Schooling behavior in fish has been recognized to confer antipredator advantages. However, the mechanisms that lead to various patterns of escape maneuvers in fish schools are largely unknown. Here, we investigated the effect of startle stimulus characteristics (distance and orientation) on the escape maneuvers of schools of a highly gregarious fish species, the Atlantic herring Clupea harengus. We quantified information transfer of the onset of startle responses by analyzing the speed of the waves of their propagation (U w = 6.7 ± 1.6 m/s; mean ± SD). U w was found to be positively correlated with the number of early responders (i.e., individuals reacting with a latency <50 ms). In addition, we identified the rules determining two different evading maneuvers: highly aligned maneuvers (i.e., all individuals oriented in a relatively uniform direction) and “split” maneuvers (i.e., individuals escaping with low directional uniformity). The pattern of escape maneuvers was dependent on stimulus direction (αs). Lateral stimulation (30° < αs < 120°) elicits highly aligned maneuvers away from the stimulus, while frontal stimulations (αs < 30°) causes split maneuvers, which are followed by realignment about 1 s after stimulation. These simple rules suggest that certain stimulus characteristics are important factors determining the variability of antipredator maneuvers observable in schooling fish.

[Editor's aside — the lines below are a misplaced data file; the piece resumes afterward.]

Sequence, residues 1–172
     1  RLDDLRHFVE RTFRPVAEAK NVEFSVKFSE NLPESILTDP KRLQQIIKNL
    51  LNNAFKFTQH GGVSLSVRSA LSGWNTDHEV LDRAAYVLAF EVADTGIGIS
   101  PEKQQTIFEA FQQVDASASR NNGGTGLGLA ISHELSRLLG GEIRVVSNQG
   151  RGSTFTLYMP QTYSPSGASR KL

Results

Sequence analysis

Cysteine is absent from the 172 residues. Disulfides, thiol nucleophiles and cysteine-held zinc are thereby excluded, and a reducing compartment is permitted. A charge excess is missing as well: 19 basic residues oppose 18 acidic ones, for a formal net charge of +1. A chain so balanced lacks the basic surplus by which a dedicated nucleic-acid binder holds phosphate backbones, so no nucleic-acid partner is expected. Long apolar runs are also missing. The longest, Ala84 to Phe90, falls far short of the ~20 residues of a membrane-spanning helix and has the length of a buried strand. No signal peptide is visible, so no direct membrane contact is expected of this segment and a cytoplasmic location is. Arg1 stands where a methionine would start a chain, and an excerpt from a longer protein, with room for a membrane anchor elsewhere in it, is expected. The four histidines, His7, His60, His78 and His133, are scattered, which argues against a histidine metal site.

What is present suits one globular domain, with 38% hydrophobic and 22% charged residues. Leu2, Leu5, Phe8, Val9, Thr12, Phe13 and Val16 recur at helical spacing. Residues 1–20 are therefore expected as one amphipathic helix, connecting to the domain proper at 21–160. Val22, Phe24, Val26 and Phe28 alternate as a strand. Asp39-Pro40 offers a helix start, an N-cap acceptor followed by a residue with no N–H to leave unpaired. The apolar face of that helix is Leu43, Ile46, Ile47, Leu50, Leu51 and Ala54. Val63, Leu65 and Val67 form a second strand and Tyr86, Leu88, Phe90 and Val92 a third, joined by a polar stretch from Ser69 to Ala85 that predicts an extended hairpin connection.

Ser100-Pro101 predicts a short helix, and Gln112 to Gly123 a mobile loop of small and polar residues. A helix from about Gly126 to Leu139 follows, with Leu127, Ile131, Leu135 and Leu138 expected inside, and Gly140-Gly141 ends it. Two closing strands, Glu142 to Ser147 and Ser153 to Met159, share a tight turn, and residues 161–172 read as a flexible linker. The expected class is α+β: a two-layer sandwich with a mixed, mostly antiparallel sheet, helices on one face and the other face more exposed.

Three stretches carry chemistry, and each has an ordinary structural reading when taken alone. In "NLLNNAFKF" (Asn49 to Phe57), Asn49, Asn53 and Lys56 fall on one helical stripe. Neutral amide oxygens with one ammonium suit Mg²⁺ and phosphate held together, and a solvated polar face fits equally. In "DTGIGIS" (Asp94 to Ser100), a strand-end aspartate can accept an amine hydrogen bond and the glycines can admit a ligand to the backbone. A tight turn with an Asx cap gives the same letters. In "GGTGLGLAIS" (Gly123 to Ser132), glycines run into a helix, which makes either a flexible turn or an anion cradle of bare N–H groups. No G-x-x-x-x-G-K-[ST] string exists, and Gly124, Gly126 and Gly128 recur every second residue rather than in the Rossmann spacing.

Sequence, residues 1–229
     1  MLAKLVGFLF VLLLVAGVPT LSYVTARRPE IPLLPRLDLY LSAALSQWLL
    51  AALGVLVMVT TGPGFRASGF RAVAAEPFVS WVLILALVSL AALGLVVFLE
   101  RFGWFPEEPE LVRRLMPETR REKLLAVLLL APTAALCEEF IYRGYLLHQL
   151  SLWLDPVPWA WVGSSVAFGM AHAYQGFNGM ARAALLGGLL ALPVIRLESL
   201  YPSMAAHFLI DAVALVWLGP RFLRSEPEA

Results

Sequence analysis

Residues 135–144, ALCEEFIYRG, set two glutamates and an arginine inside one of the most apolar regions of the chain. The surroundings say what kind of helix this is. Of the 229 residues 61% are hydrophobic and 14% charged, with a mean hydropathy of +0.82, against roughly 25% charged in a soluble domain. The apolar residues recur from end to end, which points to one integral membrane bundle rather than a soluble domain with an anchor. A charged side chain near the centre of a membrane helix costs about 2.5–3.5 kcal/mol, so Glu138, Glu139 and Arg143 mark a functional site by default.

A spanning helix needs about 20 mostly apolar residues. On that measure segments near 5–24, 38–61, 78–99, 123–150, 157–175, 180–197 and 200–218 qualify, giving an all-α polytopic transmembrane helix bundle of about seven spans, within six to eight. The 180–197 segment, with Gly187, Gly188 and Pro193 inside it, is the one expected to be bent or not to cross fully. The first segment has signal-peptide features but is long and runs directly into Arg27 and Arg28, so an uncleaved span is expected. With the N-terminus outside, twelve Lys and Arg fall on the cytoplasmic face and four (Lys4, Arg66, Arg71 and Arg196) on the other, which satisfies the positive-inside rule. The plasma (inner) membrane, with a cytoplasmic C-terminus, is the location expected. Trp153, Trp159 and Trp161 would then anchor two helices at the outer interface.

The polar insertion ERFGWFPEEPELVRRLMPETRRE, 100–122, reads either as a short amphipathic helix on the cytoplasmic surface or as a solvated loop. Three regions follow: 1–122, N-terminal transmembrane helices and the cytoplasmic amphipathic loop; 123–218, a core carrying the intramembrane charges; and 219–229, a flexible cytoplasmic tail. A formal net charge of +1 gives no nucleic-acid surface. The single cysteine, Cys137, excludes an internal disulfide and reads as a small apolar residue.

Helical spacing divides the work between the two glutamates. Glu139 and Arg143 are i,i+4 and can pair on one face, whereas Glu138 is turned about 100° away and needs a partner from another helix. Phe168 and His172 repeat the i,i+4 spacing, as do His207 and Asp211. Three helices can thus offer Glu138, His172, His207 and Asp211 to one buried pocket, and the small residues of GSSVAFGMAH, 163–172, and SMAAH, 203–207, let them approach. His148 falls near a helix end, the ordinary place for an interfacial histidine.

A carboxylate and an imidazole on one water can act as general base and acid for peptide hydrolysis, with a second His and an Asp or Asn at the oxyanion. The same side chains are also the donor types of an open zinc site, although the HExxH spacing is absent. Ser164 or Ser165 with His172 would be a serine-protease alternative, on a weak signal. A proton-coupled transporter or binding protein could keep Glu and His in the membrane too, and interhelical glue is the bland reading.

Information transfer and antipredator maneuvers in schooling herring
Stefano Marras, Robert S Batty, Paolo Domenici
Adaptive Behavior, 20: 3-9, 2012